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What is Feminist Porn?

From thoughtful dialogue to clear consent, how filmmaker Erika Lust is advancing ethical pornography.

Erika Lust Photo by Rio

The film Feminist and Submissive begins with Swedish filmmaker Erika Lust declaring, stone-faced, “Women getting spanked. And men loving to do it. That’s an idea that is very scary for a lot of people.” She provocatively raises her eyebrows before the camera cuts to a montage of fully clothed women who describe themselves as competent, capable, intelligent feminists who also enjoy sexual domination. “That’s where decades of feminism should have brought us,” Lust says, staring intensely into the camera, “to a place where every woman can speak out her own true desire.”

No doubt, a documentary-style discussion about feminism may seem to have little, if anything, to do with pornography. But for Lust, the Barcelona- based founder of Erika Lust Films (erikalust.com), it’s part and parcel to the creation of “ethical porn.”

“There are a lot of people who haven’t really heard that combination of words together,” she says of the emerging genre. “I think most of us believe that porn is something quite dirty, or something we are watching late at night when nobody else can see us, but it’s really quite natural.”

Lust herself entered the world of pornography quite naturally, as a film student in 2004. Unsettled by the sexist portrayal of women in the genre, she decided to produce a short film that would bridge the gap between feminism and sexuality. The Good Girl, which portrays a long-clichéd storyline—the pizza-delivery-guy rendezvous—from the perspective of the woman, became an Internet hit. It also sealed Lust’s trajectory as a pioneer of better erotica.

“It always seems like there’s this chauvinistic context to what is happening,” Lust says of traditional adult films. “It’s more about punish[ing] women than looking at people having a wonderful sexual experience together.”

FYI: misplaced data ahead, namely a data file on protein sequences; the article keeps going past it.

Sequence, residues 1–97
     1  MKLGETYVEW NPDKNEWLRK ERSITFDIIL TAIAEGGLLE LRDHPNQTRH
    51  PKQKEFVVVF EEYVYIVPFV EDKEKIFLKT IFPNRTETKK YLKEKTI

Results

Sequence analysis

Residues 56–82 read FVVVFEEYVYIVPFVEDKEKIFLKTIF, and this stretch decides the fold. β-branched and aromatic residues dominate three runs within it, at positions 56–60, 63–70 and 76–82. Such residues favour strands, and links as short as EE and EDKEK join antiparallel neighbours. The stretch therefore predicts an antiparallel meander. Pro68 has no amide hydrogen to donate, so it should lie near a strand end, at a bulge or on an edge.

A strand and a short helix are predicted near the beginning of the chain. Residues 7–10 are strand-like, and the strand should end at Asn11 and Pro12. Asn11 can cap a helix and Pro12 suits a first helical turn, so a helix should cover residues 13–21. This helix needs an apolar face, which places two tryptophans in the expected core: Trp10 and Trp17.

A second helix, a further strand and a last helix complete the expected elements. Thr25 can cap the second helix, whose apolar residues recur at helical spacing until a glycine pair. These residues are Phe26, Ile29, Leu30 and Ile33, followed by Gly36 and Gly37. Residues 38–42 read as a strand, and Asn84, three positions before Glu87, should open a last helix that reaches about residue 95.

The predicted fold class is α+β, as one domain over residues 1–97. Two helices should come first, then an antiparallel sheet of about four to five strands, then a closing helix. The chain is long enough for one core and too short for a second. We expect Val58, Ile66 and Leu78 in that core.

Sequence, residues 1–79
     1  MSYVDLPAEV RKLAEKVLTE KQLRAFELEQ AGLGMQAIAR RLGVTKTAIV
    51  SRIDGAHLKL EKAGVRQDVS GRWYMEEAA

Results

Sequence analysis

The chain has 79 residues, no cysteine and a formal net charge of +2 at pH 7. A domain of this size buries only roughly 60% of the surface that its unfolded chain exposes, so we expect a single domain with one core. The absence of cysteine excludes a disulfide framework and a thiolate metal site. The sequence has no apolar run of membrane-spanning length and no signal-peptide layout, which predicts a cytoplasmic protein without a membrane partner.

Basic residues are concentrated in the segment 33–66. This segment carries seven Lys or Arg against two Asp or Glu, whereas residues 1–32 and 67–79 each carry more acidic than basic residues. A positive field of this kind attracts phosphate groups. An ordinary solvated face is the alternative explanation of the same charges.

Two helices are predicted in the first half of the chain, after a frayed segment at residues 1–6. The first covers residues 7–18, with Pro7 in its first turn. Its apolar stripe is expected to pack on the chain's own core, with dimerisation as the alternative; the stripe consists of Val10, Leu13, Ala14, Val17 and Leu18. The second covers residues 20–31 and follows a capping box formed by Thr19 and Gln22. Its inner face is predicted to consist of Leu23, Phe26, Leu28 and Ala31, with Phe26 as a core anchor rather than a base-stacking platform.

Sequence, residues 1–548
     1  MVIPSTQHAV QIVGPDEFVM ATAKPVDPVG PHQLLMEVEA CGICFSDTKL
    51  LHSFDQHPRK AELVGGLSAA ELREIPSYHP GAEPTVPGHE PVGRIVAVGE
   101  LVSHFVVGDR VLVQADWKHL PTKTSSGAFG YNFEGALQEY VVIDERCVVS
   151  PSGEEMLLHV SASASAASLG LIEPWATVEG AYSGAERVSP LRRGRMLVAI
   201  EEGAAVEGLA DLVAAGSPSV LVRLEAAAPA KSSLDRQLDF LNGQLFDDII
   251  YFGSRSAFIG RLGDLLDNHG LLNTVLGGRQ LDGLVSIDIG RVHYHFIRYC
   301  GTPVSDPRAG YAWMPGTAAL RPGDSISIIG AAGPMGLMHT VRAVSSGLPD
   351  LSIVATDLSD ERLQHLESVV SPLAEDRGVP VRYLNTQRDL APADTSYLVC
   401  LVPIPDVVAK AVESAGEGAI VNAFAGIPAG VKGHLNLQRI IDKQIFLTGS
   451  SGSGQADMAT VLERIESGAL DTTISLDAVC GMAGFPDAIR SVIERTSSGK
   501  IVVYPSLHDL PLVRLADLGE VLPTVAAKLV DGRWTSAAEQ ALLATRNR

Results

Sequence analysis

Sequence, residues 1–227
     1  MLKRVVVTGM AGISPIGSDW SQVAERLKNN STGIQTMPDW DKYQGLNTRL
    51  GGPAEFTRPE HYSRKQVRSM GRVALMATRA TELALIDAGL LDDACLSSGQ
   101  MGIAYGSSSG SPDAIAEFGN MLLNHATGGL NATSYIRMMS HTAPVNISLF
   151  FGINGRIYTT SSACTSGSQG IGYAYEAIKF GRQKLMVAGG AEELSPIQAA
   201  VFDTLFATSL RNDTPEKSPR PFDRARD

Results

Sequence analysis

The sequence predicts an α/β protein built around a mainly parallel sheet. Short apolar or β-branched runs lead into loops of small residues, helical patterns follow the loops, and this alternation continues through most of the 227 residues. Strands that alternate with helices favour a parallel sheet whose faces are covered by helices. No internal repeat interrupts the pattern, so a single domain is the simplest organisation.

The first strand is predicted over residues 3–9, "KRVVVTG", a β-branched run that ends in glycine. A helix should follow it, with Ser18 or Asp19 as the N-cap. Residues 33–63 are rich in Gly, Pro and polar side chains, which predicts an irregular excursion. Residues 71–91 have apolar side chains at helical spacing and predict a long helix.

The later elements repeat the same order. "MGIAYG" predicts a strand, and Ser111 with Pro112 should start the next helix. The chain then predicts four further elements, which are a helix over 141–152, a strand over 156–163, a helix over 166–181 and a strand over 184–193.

“The problem with so many of these films is

how they are made— by whom, with whom, and with what values?”

 

By contrast, Erika Lust Films like Some Never Awaken and A Feminist Man are filled with dialogue and emotion. Characters give their consent in every scene. The shocking zoomed-in angles so prevalent in mainstream pornography are replaced with artful vignettes: an embracing couple covered in sand on the beach in one scene, a pair of lovers caught in the rain in another. The films are highly produced affairs, with professional lighting, casting, and set design that’s more suggestive of a Holly- wood studio than a San Fernando Valley bedroom.

But Lust isn’t just changing what’s on the screen—she’s reshaping what happens before the cameras roll, too. “The problem with so many of these films is how they are made—by whom, with whom, and with what values?” she says. “There’s a lot of mass-produced porn that shows parallels to the food industry. Many companies don’t care about the nutrients in their food, how it’s made, or the conditions of the animals that have given their lives. It’s the same with porn.”

Lust employs ethical behind-the-scenes practices, establishing boundaries and health concerns with all of her actors before filming, and eliciting feedback throughout shoots. She has also focused on making her films more inclusive of different sexualities, genders, body types, and races— something else she says is sorely lacking throughout the industry.

Ultimately, Lust says, it’s all about pleasure— not for some, but for all. “Satisfaction for me is feeling part of something bigger,” she says. “It’s the feeling of connecting with other people, a bigger whole. In the end, we are here because two people had sex. Sex is life.”

 

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